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The future of Manufacturing from an IT perspective

During my MBA days, I had the opportunity to learn a lot about Manufacturing, Operations, Supply Chain management and of course a lot of other courses in the form of lectures/case studies/web/books. When we spoke about process improvements during those days we spoke more often than not about the lean manufacturing concepts, the six sigma's, the Toyota production systems, the value stream maps, business process reengineering's and all this was not long ago (last decade). Today's organizations when challenged with these issues have started relying more and more on their data and this data is generated from none other than their own backyard "The Shop floor" powered with Big Data. 

Manufacturing Operations has become more complex and intriguing than ever before. The key driver for this has been the ability to generate data from the shop floor, analyze the data and then be able to take the right/much required kind of business/manufacturing decisions.

Recently, I had the opportunity to read through a fine case study pertaining to General Electric, as to how they have been able to generate data. This plant is enabled with over 10,000 sensors, all these sensors tightly knitted with their integrated IT systems across the globe (more than 400 plants). These sensors monitor the performance of each of their manufacturing processes and build information viz. temperature, humidity, energy used. If something goes wrong, the system triggers a notification/message to the process owner's hand-held device/phone/mail and this timely notification to process owner will enable him in taking the right decision. This was envisioned (data collection through sensors) for improving their own processes to start with and now that they have improved their process tremendously, their focus is improving the costs and how to get more out of this plant? Think "complete system" is the mantra they are going to rely on. This was an attempt by GE to build a world class manufacturing setup, they call it "brilliant factory" and this also is the test bed for research into the use of their own "Internet of Things" using process suite GE Intelligent Platforms.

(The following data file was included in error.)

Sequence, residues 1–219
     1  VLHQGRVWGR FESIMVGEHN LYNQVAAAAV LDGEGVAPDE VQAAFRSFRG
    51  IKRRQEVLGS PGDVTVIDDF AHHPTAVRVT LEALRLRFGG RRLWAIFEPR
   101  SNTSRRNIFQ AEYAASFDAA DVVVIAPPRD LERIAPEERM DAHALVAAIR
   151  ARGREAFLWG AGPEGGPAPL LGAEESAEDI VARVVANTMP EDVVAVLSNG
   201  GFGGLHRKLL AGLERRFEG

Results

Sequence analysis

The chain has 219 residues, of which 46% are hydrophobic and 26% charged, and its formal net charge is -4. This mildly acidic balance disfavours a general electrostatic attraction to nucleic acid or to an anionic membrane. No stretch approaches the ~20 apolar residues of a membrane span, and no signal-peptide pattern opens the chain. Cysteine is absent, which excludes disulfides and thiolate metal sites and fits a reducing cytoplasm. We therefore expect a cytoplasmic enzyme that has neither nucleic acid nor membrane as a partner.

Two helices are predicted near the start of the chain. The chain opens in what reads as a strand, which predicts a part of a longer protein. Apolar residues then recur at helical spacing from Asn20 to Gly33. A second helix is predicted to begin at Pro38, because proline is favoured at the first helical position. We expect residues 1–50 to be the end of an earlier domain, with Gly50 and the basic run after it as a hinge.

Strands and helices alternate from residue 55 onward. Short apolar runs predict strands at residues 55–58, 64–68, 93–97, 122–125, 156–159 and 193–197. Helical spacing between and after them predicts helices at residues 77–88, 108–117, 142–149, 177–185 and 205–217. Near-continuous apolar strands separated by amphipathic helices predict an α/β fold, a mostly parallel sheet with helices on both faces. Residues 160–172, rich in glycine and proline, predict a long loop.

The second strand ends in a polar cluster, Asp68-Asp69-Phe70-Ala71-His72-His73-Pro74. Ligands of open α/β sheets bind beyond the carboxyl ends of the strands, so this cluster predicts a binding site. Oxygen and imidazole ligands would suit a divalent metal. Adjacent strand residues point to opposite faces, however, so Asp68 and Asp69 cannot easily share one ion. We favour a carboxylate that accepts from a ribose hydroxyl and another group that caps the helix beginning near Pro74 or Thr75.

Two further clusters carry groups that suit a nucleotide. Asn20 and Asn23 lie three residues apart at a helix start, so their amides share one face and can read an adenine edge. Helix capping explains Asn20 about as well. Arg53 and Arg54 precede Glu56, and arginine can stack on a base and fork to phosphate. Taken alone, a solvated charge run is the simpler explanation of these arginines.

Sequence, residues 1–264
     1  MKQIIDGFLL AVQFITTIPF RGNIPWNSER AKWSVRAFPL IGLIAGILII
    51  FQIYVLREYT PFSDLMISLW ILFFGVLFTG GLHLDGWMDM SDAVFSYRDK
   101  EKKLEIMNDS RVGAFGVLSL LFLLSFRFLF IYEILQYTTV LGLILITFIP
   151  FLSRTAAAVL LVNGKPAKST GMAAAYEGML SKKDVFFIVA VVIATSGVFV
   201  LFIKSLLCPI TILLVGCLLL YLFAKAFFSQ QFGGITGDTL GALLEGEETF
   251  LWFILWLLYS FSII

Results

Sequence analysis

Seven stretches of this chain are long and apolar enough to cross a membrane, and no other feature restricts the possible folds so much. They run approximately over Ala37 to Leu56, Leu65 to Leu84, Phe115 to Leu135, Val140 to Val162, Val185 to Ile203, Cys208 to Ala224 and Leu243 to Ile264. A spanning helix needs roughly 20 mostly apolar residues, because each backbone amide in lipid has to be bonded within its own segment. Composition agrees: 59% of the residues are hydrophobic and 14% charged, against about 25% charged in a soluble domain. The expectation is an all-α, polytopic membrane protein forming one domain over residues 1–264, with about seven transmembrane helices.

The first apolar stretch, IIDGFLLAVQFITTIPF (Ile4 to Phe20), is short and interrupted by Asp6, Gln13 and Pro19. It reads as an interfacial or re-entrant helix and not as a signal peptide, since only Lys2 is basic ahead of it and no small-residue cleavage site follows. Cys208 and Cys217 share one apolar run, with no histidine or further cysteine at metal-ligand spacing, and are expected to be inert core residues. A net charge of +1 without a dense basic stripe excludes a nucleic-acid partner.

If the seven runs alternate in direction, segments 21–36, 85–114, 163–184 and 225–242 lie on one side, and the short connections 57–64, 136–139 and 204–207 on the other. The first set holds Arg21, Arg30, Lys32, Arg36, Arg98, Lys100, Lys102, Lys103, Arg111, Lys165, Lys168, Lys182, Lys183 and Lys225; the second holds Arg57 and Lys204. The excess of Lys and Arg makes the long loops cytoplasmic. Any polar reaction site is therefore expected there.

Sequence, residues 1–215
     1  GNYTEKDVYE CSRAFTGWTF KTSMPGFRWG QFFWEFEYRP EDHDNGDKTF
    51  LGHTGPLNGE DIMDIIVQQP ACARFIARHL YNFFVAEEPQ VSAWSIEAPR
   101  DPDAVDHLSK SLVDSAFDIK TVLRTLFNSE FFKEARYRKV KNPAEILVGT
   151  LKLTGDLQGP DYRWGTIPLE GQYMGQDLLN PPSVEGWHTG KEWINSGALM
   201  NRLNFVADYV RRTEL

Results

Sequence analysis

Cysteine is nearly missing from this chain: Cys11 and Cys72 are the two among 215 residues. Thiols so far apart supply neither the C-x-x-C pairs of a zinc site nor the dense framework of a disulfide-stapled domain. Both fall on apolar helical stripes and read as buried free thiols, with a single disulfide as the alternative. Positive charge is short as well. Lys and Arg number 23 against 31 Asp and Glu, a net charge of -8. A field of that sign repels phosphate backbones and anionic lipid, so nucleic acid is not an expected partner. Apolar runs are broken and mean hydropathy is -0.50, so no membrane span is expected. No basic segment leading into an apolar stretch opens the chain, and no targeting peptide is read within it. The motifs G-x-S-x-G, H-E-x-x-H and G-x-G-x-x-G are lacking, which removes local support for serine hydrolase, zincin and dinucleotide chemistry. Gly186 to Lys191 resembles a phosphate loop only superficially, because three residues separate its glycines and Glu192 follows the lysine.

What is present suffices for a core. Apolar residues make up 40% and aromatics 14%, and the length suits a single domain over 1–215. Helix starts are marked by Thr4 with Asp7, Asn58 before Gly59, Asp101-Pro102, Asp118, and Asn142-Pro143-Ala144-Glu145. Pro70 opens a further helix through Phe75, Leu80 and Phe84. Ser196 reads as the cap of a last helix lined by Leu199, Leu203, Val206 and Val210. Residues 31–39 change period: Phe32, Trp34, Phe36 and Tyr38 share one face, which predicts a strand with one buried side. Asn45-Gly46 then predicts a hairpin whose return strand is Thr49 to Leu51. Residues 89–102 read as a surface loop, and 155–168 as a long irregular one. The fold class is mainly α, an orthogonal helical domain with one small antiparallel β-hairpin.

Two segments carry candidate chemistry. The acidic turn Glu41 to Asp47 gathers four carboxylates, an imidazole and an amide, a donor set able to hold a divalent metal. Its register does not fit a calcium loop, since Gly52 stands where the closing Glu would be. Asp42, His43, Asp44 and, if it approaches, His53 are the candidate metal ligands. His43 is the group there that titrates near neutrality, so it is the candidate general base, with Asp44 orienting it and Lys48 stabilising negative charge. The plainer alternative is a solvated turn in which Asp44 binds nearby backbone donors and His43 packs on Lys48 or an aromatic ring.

To sustain in the long run, organizations have to take a leaf from GE, where they are able to implement an integrated system that is able to collect, synthesize, analyze data and is intelligent enough to make decisions for the respective process owners/stake holders. It is easier said than done, as most of the organizations are on legacy systems and will have to revisit their IT strategy, IT setup and realign the architecture. To manage this kind of colossal data, with inputs and outputs in different formats. Big Data happens to hold an answer to many of these questions.


To conclude, there is abundance of data available and there is no question about the capability of the advanced and integrated IT systems that we have today. The question is "Are these really enough to attain meaningful and desired business decisions to reap maximum business benefits". The answer seems to be a big "YES"!


Big data can be very confusing if you do not know how to handle it and don't have the tools for it. Very good writing I really enjoyed it.

Good to know that you enjoyed reading it. Thanks

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